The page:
Nail these four before progressing to anything more complicated. I like the verbal command “support” as a catchall term for conveying a safe passing option that the player on the ball can use while their head is down under pressure–generally behind the ball carrier. This generally does not help the opponent as they are likely to be facing in a manner to see your open teammate already.
You can check here for other options to introduce in the future.
A critical skill to start developing young is teaching players that as soon as they arrive in a seam and are ready to signal for the ball, they take a quick sideways glance in either/both directions to spot 1) an open teammate upfield, and 2) if they have a closing defender that will prevent them from turning with the ball.
While you can create drills to work on this specifically, you’re just as well to simply incorporate 1 touch restrictions in other teaming drills you run which force the player to pre-evaluate their options.
Activity – Keep Away
You can leverage all the other drills I’ve covered in this series to focus on these aspects. The focus of your coaching simply shifts to the off-ball players in each activity. You can start with the Keep Away progression from Playing from the Spot with a couple of slight modifications:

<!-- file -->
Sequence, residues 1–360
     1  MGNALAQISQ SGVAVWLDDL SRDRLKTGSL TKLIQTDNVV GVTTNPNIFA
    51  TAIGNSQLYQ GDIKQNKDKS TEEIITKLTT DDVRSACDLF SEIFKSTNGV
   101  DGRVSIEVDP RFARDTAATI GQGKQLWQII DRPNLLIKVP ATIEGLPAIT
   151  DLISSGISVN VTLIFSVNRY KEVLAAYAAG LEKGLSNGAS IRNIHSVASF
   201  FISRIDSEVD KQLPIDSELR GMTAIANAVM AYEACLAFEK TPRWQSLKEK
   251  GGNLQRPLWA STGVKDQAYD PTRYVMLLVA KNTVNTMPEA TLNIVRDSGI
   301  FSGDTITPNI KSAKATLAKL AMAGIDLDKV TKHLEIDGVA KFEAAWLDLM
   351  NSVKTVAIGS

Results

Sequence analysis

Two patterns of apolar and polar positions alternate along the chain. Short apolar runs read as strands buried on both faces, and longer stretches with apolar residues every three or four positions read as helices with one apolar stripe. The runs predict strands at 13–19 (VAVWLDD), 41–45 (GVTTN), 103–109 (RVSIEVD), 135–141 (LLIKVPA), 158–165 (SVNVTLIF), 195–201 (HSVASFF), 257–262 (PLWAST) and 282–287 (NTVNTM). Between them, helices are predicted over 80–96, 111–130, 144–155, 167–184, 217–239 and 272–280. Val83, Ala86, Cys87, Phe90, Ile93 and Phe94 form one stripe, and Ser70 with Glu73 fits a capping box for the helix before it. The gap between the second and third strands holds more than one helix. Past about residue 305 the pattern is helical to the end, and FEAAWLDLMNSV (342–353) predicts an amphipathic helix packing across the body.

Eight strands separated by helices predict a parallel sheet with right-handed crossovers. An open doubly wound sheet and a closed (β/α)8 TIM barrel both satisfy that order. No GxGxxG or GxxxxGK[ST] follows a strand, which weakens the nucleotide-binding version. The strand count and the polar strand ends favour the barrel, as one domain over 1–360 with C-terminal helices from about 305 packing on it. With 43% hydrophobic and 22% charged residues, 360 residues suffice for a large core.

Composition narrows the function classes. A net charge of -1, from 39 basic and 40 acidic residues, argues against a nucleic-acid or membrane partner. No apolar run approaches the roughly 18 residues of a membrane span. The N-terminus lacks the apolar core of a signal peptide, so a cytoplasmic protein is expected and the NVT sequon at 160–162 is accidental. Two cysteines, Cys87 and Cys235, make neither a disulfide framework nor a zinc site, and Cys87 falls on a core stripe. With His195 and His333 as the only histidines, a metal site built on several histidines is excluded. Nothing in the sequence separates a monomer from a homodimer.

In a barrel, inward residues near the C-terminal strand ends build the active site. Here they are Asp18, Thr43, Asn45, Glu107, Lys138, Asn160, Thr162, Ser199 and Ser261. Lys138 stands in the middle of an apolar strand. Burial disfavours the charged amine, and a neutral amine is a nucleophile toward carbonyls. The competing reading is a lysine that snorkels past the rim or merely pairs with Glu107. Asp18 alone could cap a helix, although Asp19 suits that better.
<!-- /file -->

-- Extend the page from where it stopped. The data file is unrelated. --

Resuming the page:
- Players who don’t take three steps after a pass move is the same as losing the ball. Start by having coaches call this out. After a time, consider placing a bounty on recognizing this infraction. Any player who sees a player standing still can yell “no 3 steps” and they receive a “get out of jail free card” so if they lose possession the other player goes in in their place
- Incorporate signaling. Use the same rules above such that if they don’t signal, it’s the same as losing the ball
- Incorporate touch restrictions that will help the players get better at shielding and will encourage players to plan ahead for their next touch
Our next post in the series Importance of Width and Spacing, will provide you some additional coaching points for those off ball.
In our previous post we defined some ground rules for what constituted acceptable off-ball movement. As your players get very good at the keep away style drills and you move into more realistic game scenarios, you’ll want to build on their knowledge and help implement a bit of tactics to your coaching.